Chasing the giants of the sea: Whale watching in Puerto Madryn, Argentina

Argentina has truly been one of the most amazing places I’ve visited. I wrote here on how I went to see a glacier wall down in the El Calafate. But before that, we had spent some time in El Chalten, and before El Chalten, in Puerto Madryn – in which I took a some 20 hour bus ride down from Buenos Aires.

Puerto Madryn is a small town located next to the sea. It’s a cute little town and we spent the day just walking around and checking out their little shops. But the main attraction here is actually Puerto Piramide on the Peninsula Valdes, and the giants of the sea that they harbor.

My friends and I signed up with Botazzi for their whale watching excursion in December. This is really close to the end of whale sighting season, so you may want to go a little earlier if you want to be more ‘guaranteed’ of seeing the whales. Whale watching season typically goes from July – December. I think if you do go earlier in the season, you should try and book this in advance. As for us, we just walked up to their office when we were walking around Puerto Madryn and signed up.

A small minibus/ van brought us from Puerto Madryn to Puerto Piramide, approximately an hour’s journey. They bring us straight to the harbor to wait for any other minibuses that may be bringing passengers. After a cup of coffee, we were off on our boat.

DSC_6211(Whale breach!)

The open boat cruises the water while we look out for whales. We can find the Southern Right Whales in this waters, because they typically come here to give birth. The whales give birth once every three years and they have to stay in the same area for about three months after they little ones are born. The whales also typically come back to the same waters to give birth again (after another three years) which is why you can almost be guaranteed to see the whales earlier in the season.

DSC_6245(A hello wave)

There were a lot of fun facts the guide shared with us about Peninsula Valdes, Puerto Piramide, the different animals we could find there, as well as some features of the whales themselves. One of the things I can remember is that the Southern Right Whale can usually be identified by the callosities on the top side of their head. These look like barnacles stuck on top. Each whale can then be identified by their different callosities.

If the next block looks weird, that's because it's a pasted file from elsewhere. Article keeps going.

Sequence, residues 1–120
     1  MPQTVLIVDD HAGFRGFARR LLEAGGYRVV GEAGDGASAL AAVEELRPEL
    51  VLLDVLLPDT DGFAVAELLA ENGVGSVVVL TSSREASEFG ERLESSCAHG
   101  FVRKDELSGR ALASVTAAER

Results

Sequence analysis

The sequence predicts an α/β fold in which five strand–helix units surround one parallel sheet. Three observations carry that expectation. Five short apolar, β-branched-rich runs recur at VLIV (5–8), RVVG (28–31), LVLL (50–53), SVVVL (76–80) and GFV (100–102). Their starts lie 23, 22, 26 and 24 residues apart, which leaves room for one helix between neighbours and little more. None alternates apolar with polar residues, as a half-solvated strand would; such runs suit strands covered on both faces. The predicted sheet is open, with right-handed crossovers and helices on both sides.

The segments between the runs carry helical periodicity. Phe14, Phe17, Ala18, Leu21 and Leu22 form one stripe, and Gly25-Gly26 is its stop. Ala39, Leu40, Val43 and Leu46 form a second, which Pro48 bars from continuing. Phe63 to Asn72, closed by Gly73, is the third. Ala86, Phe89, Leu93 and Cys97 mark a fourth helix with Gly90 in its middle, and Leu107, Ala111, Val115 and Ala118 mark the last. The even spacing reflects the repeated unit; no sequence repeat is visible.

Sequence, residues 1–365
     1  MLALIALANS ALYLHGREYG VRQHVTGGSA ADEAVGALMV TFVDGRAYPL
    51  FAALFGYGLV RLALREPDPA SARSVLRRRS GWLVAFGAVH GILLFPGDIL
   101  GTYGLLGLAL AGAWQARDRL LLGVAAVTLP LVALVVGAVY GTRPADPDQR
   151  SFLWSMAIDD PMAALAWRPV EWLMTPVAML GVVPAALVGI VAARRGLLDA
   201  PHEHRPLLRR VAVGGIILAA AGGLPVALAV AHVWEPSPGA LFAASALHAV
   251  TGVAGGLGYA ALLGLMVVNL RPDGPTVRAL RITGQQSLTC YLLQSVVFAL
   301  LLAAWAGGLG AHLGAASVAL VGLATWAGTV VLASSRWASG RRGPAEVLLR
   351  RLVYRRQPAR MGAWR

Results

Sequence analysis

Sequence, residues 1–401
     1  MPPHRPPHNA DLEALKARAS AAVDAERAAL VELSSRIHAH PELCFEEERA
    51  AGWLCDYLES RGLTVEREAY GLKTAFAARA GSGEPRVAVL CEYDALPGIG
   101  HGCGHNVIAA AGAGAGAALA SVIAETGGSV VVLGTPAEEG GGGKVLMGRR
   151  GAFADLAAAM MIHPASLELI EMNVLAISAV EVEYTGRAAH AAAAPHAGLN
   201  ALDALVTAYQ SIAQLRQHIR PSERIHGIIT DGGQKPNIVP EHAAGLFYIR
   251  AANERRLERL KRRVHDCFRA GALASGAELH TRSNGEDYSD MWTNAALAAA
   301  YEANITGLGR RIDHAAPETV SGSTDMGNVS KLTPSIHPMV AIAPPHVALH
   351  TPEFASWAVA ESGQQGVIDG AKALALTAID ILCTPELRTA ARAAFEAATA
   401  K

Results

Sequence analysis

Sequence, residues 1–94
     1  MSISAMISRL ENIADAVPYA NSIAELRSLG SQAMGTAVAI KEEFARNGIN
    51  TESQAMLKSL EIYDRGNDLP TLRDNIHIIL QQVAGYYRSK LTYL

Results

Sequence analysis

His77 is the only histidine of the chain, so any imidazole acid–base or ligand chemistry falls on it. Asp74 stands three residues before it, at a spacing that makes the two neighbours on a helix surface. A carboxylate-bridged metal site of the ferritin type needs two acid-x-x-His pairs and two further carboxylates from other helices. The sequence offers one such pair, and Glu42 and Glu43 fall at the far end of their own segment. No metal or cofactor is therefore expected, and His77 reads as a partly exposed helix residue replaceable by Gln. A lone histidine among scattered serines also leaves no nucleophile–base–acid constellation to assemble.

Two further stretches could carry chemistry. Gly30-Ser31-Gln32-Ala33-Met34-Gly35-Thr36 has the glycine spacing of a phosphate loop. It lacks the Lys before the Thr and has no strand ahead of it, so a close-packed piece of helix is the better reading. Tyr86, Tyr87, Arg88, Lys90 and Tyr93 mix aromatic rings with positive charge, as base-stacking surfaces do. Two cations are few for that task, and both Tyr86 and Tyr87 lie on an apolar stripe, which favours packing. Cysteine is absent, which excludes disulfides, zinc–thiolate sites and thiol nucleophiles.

The sea was choppy when we went; and cold. I tend to get motion sickness, and was going through my bag of asam like crazy to try and control my nausea. We moved around the ocean for a bit, when suddenly they started screaming out “Whale! Whale”.

Whale Watching1(Different whale action)

Nothing prepares you for seeing a whale for this first time. Thought that I had included “Shit, that is a giant &*&%%$*whale!”  You don’t realize that you have been holding your breath, and holding on to the side of the boat. You watch as the boat gets closer, and they cut the engine, and the silence surrounds you. The only sound you hear is the soft whoosh of the whale tail as they come in and out of the water.

Once in a while you hear a loud gush, and you could be lucky enough to see a whale’s blow hole pumping some air out. Your boat slowly chases after these whales, and you suddenly realize their whole body extends the length of your now seemingly small boat.

DSC_6272(There she goes!)

We started seeing whales everywhere. Some breaching straight out of the water with a loud gush. Some of whose tail is the only glance you get as they crash back into the ocean. I grow nervous when one of the whale’s we had been riding with alongside suddenly disappears deep down. Only a few weeks ago the guide tells us a whale had accidentally breached a tour boat. Luckily for me (and us), the whale pops up again some long meters out, and happily swims away.

As for us, we (thankfully still dry) he   ad back up to shore after our hour and half trip. On the way back, we are greeted by seals, sea lions and seagulls each vying for our attention, and posing narcissistic-ally. What an amazing adventure, heading up close and personal, with these incredible beasts of the sea.

DSC_6291(Kevin poses for us)

Don’t forget to bring!: sunglasses, camera, a backpack (since you will need to have your hands free to manage the boat and your camera) as well as some motion sickness medication, or as I recommend asam (sour plums) to help control the nausea